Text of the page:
4. Active social listening and surveys
Ask questions, suggest ideas, follow trends. Use social listening platforms to identify hot topics, sentiment, the language to use to connect emotionally or identify the protagonists and antagonists in your industry category. The best way to engage an expert audience is to be aware of what keeps them awake at night. Create a quiz or survey to get first-hand intel. Track interactions and conversations on Twitter or LinkedIn, run a daily check of the most popular hashtags and topics covered by the sector media. Know the key opinion leaders. Then use that knowledge to create engaging, relevant discussions for each audience.
5. Use multiple channels
Omnichannel isn’t only reserved for e-commerce. It’s a schema that you should include in your virtual or hybrid event strategy, as audiences want to interact with the brand and peers, on their terms, anytime, anywhere. Using a custom-online community, integrate social media, industry media, e-mail campaigns, and mobile messaging, keeping the customer journey personalised and content-rich.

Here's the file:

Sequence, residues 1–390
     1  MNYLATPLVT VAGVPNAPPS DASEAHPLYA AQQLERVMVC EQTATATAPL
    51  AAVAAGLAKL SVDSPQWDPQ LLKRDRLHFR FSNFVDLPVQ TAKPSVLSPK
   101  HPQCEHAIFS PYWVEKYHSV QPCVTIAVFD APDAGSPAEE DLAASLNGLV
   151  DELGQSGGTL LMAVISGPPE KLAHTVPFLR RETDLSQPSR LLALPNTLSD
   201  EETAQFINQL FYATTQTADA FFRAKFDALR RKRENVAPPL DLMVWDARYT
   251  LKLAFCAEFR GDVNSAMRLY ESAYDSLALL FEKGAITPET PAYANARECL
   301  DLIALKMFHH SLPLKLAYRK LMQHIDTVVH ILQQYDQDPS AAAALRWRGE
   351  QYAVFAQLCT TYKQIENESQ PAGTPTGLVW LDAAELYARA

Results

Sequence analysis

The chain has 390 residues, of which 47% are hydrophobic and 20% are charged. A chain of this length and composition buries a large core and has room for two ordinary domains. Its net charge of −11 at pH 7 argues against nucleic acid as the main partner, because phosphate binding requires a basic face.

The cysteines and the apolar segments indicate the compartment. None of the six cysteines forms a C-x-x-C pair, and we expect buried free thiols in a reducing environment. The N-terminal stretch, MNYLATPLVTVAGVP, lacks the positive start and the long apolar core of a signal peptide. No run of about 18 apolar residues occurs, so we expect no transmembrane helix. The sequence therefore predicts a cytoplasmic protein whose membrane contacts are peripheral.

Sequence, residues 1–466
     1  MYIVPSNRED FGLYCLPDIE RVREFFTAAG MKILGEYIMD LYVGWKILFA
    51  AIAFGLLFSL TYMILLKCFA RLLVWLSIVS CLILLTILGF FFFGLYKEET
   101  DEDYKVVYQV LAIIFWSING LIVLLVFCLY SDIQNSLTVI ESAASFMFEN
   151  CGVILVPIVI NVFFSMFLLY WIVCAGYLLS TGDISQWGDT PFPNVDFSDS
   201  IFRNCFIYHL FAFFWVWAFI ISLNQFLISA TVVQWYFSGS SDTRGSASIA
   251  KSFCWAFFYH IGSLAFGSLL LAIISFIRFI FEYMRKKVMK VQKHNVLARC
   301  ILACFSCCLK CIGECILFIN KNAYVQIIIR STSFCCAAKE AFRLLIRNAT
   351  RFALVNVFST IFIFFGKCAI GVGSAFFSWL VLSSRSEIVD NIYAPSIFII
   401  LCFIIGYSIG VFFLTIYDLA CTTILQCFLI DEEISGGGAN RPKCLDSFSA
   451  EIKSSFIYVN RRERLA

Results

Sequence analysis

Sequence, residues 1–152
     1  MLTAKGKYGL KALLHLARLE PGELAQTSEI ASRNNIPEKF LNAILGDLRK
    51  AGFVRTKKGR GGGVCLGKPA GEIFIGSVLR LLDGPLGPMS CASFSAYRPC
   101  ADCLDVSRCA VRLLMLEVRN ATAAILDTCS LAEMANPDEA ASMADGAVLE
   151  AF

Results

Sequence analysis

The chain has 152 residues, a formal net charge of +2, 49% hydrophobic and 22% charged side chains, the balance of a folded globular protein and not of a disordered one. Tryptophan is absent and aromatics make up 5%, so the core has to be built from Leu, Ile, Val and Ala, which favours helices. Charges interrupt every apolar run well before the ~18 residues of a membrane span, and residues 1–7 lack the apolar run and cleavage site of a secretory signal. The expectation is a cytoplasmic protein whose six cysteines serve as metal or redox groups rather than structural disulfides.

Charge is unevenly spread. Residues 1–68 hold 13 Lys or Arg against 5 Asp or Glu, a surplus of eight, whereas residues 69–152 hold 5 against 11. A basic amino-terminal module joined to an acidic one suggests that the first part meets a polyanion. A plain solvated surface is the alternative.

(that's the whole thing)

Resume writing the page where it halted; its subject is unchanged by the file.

Give your audience some freedom, too. If they can’t take part in a virtual panel discussion or live online chat or qual group, allow access to full video materials and ways to maintain the discussion. It won’t undermine attendance but will amplify the effect and help the return-on-investment.
6. Encourage co-creation
One of the most powerful incentives for joining a B2B community is the knowledge that participation can shape the wider-industry agenda. Enable the community to facilitate co-creation of the strategy for the industry. When building a digitally-enabled ecosystem, try to position yourself (or your team members) as the industry vanguard.
7. Link to virtual or smaller, localised events